During my time as an ”Ops Guy” at Electronic Arts, I became very interested in the future of private cloud. For many companies, the future of cloud is a confusing one. While public cloud can provide great benefits such as speed and flexibility, anyone with a pen and paper (or spreadsheet) can quickly see that it is not always the most cost-effective option. As a result, more and more Enterprises are turning to private cloud for some of their applications.
Before going hog wild and building our own private cloud, it’s worth taking a look at what we have learned from many years of leveraging public cloud. If public cloud has taught engineers anything, it is how to build and deploy applications on commodity hardware. Developers moved applications into the cloud fully aware that the server they are running code on might disappear at any moment. Software development of today has made leaps in bounds towards the idea that an application must be able to deal with server failure without freaking out. The days of yesterday where IT professionals cared for their servers in a way akin to a mother raising her young are gone. Servers today are viewed as ephemeral, being stood up and torn down through standard CI/CD processes. As someone recently said to me, “Server hugging is so 2000’s”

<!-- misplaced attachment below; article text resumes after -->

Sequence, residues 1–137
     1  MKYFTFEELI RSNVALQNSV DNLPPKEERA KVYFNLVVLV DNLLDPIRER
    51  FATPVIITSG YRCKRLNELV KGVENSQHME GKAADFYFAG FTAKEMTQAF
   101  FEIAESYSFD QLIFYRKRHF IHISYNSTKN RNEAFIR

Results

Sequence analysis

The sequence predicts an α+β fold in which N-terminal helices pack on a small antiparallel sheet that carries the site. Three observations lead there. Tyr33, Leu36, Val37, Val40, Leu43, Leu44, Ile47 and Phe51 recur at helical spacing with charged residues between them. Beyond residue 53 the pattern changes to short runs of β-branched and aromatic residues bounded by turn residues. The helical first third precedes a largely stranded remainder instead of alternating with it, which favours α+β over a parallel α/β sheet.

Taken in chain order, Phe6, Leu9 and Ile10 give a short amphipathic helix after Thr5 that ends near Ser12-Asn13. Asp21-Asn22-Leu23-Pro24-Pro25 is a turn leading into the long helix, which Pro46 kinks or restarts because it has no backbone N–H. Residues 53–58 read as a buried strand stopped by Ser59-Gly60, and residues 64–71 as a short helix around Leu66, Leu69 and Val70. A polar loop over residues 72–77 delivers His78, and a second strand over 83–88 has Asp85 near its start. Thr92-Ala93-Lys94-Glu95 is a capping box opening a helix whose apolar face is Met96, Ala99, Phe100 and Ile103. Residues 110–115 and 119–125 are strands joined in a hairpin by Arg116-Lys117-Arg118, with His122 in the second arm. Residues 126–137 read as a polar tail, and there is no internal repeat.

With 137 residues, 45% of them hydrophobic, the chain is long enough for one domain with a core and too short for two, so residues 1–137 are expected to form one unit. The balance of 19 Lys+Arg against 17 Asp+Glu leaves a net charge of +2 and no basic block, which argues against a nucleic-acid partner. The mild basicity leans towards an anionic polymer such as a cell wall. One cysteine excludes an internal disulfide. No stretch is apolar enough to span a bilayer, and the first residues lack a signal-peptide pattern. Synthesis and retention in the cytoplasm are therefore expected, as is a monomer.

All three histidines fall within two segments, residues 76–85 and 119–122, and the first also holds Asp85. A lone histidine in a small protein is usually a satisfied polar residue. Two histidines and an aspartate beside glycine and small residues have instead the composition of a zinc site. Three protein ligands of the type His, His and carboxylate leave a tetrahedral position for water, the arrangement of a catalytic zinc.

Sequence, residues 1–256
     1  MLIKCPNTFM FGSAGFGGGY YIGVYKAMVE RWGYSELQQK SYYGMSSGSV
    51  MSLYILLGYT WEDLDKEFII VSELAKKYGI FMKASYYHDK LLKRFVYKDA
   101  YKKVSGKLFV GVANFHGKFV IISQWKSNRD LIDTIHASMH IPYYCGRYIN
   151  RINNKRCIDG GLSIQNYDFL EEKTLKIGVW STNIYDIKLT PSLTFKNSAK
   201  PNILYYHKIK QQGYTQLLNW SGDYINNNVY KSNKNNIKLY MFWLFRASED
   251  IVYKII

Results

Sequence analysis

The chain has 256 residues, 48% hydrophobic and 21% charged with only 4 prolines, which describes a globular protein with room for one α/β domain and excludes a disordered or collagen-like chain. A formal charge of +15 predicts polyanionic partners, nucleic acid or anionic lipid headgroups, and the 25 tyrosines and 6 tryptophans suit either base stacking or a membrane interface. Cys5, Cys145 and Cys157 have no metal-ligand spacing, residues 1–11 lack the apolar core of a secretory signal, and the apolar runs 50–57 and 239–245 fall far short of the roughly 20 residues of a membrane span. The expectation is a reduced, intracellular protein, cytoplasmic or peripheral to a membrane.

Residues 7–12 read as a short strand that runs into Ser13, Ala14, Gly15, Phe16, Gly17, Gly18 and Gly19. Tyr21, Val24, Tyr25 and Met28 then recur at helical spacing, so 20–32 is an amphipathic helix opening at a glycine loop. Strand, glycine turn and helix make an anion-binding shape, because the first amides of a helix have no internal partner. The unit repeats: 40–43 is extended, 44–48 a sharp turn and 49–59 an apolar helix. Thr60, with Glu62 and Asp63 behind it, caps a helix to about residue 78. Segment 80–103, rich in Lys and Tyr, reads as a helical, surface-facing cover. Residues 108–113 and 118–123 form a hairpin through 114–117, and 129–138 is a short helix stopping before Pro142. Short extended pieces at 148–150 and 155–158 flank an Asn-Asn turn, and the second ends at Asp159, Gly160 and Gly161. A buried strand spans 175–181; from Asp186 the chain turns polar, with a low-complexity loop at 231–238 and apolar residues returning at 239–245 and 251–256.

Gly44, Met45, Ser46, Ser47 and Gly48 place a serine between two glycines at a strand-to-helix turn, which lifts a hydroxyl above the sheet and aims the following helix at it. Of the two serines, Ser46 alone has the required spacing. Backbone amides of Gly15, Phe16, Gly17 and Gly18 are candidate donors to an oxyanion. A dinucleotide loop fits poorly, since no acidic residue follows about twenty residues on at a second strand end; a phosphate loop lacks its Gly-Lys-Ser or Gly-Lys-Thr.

With this knowledge, the question becomes: Can we deploy an internal cloud using some of the same principles of public cloud, namely reduced cost through commodity hardware? Enter the Intel Compute Card. The Intel Compute Card was first seen at CES 2017 and was originally developed to power the next generation of appliances (TVs, Refrigerators, etc..) But for many reasons, Intel may have accidentally built the perfect cloud server.
Coming in at 94.5m x 55mm x 5mm the intel compute card is small in stature but not in capabilities. Sporting a dual-core i5 vPro Intel processor, dual-channel DDR3 4Gb memory, 128Gb SSD storage, integrated ethernet, and graphics this machine has more than enough power to handle most micro-services that are the trademark of today’s distributed architectures. Things get very interesting when one looks at the power consumption of this tiny beast. At ~20 watts, you can get almost 17x the number of cores and memory when compared to a standard 1U server (300 Watts). Furthermore, The Intel Compute Card comes in at just under $200.00 and has a unified form factor for easy replacement. Current docking devices come with an actual eject button, making swapping out a dead node very easy (Seriously – 3 ½” disk style).
One can quickly imagine a world where your application nodes are powered by disposable, unified, compute cards. No need to worry about “hardware refresh”, simply pull out the card and slide a new one in. Now obviously, this technology might not be your first option when choosing where to put your database, but as a K8s node? Interesting….